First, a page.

PhotoIreland Festival | The Darkroom

This year we are proud to be part of the annual PhotoIreland Festival that is happening all around the country. We are having six exhibition in The Darkroom this summer as part of the festival and our first one is coming up on the 16th of May. You can see everything that is happening in The Darkroom here or through the PhotoIreland catalogue link here.

Diversity of Four

Our first exhibition is a group show of four young artists. What combines them is their use of analogue photography and techniques revealing four diverse methods and approaches. The exhibition opens on Thursday the 16th of May from 6:30pm – 9pm and runs from 17th – 25th, 11:30am – 6:30pm.

Róisín White will share an insight into her practice and visual research by presenting her artist books relating to her recent project. This body of work examines Irish folk tradition and culture around pregnancy, childbirth and the protection of children from malevolent forces.

Giulia Berto’s work investigates the emotional aftermath of lovers in a long-distance relationship. Berto’s photographs capture ephemeral moments within a relationship. By expressing the feelings and sentiments explored throughout her journey, she invites the viewer to be transported to three cities, four countries and two continents.

Bob Gallagher is a filmmaker, presenting a series of 3D black and white portraits. Investigating the still image and transforming it into a moving image using a 3D Camera. The camera he is using shoots four perspectives at once, so it gives the effect of freezing a moment, while giving you a sense that the image is moving within that moment.

Aoife Fogarty is a graduate of TU’s BA in Fine Art. Her work investigates the seaside town of Courtown in County Wexford. Looking back on idyllic summer holidays spent in the village as a child and what it now represents, a new and different memory emerges as the place of her father’s untimely death. Now things seem not as bright or as wonderful, her images show the reality that is sticky fingers and sandy sandwiches.


Threads investigates the invisible threads that link or are broken within the featured artists’ work, looking at both the tangible and invisible realities. Each artist choosing different subject matter and approaches combining in a diverse set of works. Featuring works by: Catriona Leahy, Dominick McGrath, Charlie Doherty, and Karo Van den Brande. Opening on the 30th of May at 6:30pm. Running from the 31st – 9th of June, 11:30am – 6pm.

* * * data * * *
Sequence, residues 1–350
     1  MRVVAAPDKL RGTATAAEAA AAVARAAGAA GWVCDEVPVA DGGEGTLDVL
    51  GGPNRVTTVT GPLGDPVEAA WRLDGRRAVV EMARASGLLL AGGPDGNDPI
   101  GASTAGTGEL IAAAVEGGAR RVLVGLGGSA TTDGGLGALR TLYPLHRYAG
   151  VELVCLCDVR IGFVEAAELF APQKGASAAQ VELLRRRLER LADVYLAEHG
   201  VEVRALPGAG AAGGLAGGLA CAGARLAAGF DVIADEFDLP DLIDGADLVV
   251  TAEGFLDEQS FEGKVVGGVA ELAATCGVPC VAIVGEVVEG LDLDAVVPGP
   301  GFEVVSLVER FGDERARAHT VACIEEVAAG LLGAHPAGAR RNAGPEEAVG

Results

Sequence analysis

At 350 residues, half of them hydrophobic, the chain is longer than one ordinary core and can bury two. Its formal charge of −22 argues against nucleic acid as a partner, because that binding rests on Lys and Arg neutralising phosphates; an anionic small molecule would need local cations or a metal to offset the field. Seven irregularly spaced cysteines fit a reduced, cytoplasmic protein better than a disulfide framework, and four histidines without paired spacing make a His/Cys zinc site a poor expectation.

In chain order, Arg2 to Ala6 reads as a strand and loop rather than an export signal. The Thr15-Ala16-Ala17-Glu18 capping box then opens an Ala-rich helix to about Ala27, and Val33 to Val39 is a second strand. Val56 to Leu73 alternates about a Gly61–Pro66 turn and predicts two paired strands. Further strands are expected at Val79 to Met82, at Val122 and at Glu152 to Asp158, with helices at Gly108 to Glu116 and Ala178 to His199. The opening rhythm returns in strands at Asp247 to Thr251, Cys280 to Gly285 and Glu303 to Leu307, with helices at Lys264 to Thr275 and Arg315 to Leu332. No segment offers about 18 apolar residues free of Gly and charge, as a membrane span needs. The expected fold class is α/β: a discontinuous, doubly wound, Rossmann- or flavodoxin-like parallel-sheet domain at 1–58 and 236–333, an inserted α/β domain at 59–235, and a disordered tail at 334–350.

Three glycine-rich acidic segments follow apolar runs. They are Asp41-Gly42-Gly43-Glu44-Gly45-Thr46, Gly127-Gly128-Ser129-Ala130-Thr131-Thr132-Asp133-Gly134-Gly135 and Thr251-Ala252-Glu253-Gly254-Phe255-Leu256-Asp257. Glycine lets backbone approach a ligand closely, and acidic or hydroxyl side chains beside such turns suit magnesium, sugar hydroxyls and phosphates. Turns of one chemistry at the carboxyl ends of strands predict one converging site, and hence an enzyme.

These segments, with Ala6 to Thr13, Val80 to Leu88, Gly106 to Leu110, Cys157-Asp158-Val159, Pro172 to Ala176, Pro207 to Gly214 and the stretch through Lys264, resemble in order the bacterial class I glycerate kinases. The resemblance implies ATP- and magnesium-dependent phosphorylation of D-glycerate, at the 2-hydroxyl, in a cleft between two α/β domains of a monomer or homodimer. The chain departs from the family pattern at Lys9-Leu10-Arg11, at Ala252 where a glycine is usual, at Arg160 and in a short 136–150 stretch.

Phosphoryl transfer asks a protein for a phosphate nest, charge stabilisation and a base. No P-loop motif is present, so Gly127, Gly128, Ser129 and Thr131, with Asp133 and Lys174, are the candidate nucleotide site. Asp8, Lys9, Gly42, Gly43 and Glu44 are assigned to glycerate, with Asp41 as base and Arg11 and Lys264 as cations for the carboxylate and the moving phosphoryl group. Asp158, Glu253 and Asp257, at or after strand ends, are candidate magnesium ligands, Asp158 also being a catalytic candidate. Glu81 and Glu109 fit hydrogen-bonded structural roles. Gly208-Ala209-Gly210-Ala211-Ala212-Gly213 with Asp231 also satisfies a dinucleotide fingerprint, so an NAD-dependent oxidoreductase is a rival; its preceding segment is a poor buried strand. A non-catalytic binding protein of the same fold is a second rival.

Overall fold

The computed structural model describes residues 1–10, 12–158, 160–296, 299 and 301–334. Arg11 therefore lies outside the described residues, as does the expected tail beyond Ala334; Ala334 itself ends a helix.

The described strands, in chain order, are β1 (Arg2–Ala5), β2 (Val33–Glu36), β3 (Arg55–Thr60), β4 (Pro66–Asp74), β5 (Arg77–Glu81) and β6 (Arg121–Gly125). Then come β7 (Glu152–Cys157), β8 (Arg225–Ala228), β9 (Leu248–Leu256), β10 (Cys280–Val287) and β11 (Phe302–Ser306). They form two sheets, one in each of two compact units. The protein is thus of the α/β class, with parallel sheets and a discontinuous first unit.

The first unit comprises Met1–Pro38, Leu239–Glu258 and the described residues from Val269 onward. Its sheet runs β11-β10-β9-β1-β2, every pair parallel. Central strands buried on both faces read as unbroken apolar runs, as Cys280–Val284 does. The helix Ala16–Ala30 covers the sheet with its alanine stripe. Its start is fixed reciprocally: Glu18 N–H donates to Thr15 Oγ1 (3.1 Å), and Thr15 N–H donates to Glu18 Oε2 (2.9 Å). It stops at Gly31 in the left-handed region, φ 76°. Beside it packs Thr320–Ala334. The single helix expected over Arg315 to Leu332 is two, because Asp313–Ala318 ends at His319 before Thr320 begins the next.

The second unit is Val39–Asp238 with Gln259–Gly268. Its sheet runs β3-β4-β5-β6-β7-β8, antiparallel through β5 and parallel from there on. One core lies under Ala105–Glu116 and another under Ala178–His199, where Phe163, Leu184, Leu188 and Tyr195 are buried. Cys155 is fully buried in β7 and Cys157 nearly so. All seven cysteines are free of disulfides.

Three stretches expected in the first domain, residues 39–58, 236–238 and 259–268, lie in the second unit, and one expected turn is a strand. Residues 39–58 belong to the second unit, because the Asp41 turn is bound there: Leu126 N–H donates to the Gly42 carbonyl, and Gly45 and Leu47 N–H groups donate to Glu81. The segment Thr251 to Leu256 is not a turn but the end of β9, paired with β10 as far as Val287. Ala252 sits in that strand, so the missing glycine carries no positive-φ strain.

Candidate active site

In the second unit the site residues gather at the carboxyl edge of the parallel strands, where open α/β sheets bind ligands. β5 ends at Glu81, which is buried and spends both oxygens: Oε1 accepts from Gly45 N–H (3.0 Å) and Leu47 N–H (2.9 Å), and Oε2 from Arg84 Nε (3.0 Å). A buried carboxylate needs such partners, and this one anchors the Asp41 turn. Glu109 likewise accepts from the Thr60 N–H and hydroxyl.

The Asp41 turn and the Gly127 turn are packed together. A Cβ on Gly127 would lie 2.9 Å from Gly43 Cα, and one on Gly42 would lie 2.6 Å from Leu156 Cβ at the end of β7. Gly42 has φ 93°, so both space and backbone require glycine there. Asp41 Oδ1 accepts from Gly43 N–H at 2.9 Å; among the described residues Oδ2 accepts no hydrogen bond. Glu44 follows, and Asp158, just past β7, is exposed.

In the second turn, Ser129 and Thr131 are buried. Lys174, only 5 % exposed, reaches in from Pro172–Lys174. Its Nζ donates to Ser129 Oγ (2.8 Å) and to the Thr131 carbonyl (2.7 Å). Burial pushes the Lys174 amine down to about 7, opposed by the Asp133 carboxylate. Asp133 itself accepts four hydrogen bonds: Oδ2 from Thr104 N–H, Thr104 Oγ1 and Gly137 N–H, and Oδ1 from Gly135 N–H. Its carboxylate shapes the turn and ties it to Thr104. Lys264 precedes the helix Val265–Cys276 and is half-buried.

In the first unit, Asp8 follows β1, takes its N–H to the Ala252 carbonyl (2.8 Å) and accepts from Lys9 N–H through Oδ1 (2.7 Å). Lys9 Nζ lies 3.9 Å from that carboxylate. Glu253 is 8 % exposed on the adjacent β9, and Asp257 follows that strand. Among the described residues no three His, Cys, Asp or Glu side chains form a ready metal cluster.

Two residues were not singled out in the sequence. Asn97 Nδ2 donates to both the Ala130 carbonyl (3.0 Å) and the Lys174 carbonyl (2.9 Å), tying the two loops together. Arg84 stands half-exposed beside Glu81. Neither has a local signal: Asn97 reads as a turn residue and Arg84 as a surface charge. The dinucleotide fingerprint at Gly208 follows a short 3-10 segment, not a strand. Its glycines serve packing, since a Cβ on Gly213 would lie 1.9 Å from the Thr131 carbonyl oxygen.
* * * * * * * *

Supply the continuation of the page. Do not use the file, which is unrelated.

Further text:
Catriona Leahy has exhibited and has participated in a number of residencies in Ireland and internationally. Leahy examines time, duration, and memory, both in a personal and wider social context, giving these inherently ambiguous, intangible and subjective phenomena a material and spatial context.

Karo Van den Brande from Belgium is an emerging photographic artist, who experiments with layers of materials, interrupting and at time segmenting the image.

Dominic McGrath’s work is an intimate portrait of one of the few vintage car garages left in Ireland, so we gain an insight into a vanishing world.

Charlie Doherty is a video artist from Donegal, presenting a fragile and intimate body of work, where each image is threaded to connect to the other.


Two photographers from two different eras, each have a passion for travel and photography, both using film as their medium. This exhibition spans over 3 decades.The opening is on Thursday the 13th of June at 6:30pm and running 14th – 23rd from 11:30am – 6pm

With Frank Little, using an Olympus OM1 who started his wanderings in 1980. Taking his camera armed with Kodachrome and black and white film, he travelled widely around the world over a 10 year period. His work captures the everyday in a quiet reflection which invites the viewer to delve in and be taken on a journey of forgotten times as well as new work from a recent trip to Vietnam.

Sébastien Rannou, a ­­emerging photographic artist, wanderings through Europe unveiling the unusual where shadow and light come together creating a stillness. His images ask the viewer to stop for a moment in time embodying the silence that emanates from his work.

Mella Travers – Inverse

In this work, Mella Travers uses experimental film development techniques by using chemical stripping agents and re-developing techniques to create this body of work reminiscent of the 1920 silent movies.

The wall itself is a perfect backdrop where people and objects appear to be emerging or disappearing, with the use of experimental process showing the negative and positive image in one frame.

Opening on the 3rd of July at 6:30pm -9pm and running from 4th – 11th, 11:30am – 6pm.

Sinead Curren – Spruce

Spruce explores the forest landscape over a period of plantation to maturation, in particular the sitka spruce, a conifer introduced from Canada to Irish forestry in the early 1900s by Augustine Henry. A dialogue emerges between the plantation landscape and the built environment that examines the way people observe and relate to the natural landscape. In the photographs a building acts as a metaphor for a childhood idealistic narrative from one of displacement: a space of uncertainty and disillusionment. The work sheds lights on the tragic conflict while the film underpins the construct of cultural acceptance. Sinead Curran is based in Dublin and has a MA in Visual Arts Practice from IADT. Original text by Sue Rainsford will accompany the exhibition.

Opening 18th of July at 6:30pm – 9pm. Running from the 19th – 30th of July 11:30am – 6pm.

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